As speech codes sweep the nation, the University of Wisconsin-Oshkosh (UW-Oshkosh) has put in place a policy that is attempting to police “insulting” and “demeaning” speech regarding, among other things, “political views.”
“If you don’t have anything nice to say then don’t say anything at all.” Likely all Americans have heard that phrase or a similar one from their parent or guardian. The sentiment is a good one, and it is admirable to encourage mutual respect and kind words, but are speech guidelines the right way to honor what our parents told us?
UW-Oshkosh issued a policy ostensibly to foster such a spirit of kindness. Known as “Shared Principles to Guide Interactions Among Members of the University Community,” it says in part,
“All members of the University have a responsibility to promote and a right to expect … an environment that is free of harassment and free of insulting and demeaning comments and epithets based on race, ethnicity, gender, religion, sexual orientation, age, disability, military status, socioeconomic status, family status, or political views; and consistent enforcement of federal, state, and university protections against discriminatory treatment yet is free from any official speech codes.”
That sounds good on the surface. After all, what American wants others to be insulted based on their socioeconomic status, race, disability, or any other category? Critics warn, however, that the policy hinders free speech and could be used as a political bludgeon.
Law professor and constitutional expert Jonathan Turley was troubled by the policy, explaining, “So under this standard, a student or faculty member could be punished for insulting or demeaning the ‘political views’ of another person. It is a standard (like many) that is strikingly subjective. It is triggered by the reaction of others to speech.”
Turley warns that enforcement of such policies has historically been unequal, arbitrary, and biased, noting,
“We have seen very different responses from universities based on what groups or views are being attacked on racial or gender or political grounds. When conservative faculty or controversial speakers are targeted, few officials or fellow professors have stepped forward to denounce such campaigns. The same is not true when controversies have arisen for statements on the left … [T]he greatest concern is the chilling effect on the speech of students or faculty who do not want to risk being singled out for speech violations. The University should rewrite its speech code to create the opposite presumption in favor of the protection of diverse viewpoints.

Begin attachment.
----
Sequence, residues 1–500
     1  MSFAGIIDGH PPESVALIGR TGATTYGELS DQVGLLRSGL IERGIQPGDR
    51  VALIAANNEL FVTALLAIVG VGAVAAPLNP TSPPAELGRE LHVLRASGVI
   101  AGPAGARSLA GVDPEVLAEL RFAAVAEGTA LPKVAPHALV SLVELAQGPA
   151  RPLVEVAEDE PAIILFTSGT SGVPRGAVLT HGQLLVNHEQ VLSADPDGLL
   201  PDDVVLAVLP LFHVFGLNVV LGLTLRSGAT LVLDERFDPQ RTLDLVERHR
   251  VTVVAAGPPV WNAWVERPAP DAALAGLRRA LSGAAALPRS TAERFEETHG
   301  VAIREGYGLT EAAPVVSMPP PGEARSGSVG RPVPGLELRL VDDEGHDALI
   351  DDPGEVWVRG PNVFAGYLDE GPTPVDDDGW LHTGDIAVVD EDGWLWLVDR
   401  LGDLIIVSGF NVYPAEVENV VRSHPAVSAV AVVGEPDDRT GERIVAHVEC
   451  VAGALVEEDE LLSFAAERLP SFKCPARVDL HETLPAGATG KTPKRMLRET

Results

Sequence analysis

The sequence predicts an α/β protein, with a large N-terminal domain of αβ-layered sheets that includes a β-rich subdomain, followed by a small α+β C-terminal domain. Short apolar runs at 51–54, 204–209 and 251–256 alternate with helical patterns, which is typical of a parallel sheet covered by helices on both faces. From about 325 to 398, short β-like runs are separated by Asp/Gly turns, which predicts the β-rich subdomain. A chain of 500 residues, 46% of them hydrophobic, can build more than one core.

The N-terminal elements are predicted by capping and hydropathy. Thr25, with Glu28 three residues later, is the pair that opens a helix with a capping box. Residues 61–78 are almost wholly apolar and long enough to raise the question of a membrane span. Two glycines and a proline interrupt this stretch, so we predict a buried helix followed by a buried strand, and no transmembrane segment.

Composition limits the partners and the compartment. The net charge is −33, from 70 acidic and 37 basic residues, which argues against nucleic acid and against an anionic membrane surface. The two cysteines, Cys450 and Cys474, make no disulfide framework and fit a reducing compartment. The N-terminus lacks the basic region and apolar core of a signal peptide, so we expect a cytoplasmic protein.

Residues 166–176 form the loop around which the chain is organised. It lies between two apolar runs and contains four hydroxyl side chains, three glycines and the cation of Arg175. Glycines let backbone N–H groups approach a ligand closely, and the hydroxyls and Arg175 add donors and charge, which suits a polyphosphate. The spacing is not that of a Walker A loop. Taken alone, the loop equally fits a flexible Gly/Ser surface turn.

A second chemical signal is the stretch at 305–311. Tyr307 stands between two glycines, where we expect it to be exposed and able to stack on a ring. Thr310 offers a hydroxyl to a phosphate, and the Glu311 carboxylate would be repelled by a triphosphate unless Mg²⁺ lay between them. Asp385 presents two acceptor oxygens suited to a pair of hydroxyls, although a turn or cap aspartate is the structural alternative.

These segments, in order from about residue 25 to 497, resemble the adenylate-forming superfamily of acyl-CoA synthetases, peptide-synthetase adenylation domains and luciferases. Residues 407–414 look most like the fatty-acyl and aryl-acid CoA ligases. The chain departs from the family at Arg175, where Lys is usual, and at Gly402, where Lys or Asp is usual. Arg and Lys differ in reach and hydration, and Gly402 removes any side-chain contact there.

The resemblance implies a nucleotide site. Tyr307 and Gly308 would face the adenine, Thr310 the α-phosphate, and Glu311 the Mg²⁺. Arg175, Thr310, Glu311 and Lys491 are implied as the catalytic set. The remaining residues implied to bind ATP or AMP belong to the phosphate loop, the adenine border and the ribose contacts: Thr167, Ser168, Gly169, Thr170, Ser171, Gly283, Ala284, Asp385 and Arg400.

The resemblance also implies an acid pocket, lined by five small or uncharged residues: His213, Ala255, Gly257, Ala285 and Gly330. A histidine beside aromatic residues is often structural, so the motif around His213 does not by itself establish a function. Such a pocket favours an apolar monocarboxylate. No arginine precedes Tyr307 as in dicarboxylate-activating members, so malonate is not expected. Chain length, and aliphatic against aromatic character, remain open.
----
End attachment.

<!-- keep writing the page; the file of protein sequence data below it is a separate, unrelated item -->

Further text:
The Foundation for Individual Rights in Education (FIRE) this month awarded UW-Oshkosh policy its worst “red light” speech code rating because it is “incompatible” in its goals, promising that students can expect an environment free from insulting and demeaning comments but also expect to be protected from any official speech codes.
They suggested that UW-Oshkosh officials reference the more workable University of Southern Mississippi policy, which says,
The Southern Miss Standard was developed to embody the values we hope residents possess. At the same time, the university is strongly committed to freedom of expression. Consequently, these principles do not constitute university policy and are not intended to interfere in any way with a resident’s personal freedoms. We hope, however, that residents will voluntarily endorse these common principles, thereby contributing to the traditions and scholarly heritage left by those who preceded them, and will thus leave Southern Miss a better place for those who follow.
The policy goes on to explain that implicit within the standard is a “respect for language that is appropriate, never obscene, and neither demeans nor intimidates.” Its introduction, however, assures students that the school does not have a policy that will restrict free speech.
If the University of Wisconsin-Oshkosh is truly trying to create a community that does not treat others poorly and results in an environment of polite debate and intellectual discussion, then that is to be applauded. Speech codes, however, are usually weaponized to restrict free speech and disparately impacts unpopular views. In the case of higher education in today’s woke environment, that almost certainly means Christian or conservative views.
Free speech, even and especially speech that offends, should be protected. It is essential if we are to have a liberal society that allows all to speak. College is a time and place where students should be able to freely challenge each other’s views and grow in their knowledge, critical thinking skills, and ability to persuade, not a time to be coddled. Those challenges and opinions should be voiced in a kind and respectful manner — but they must be voiced if we are to remain a free and truthful country.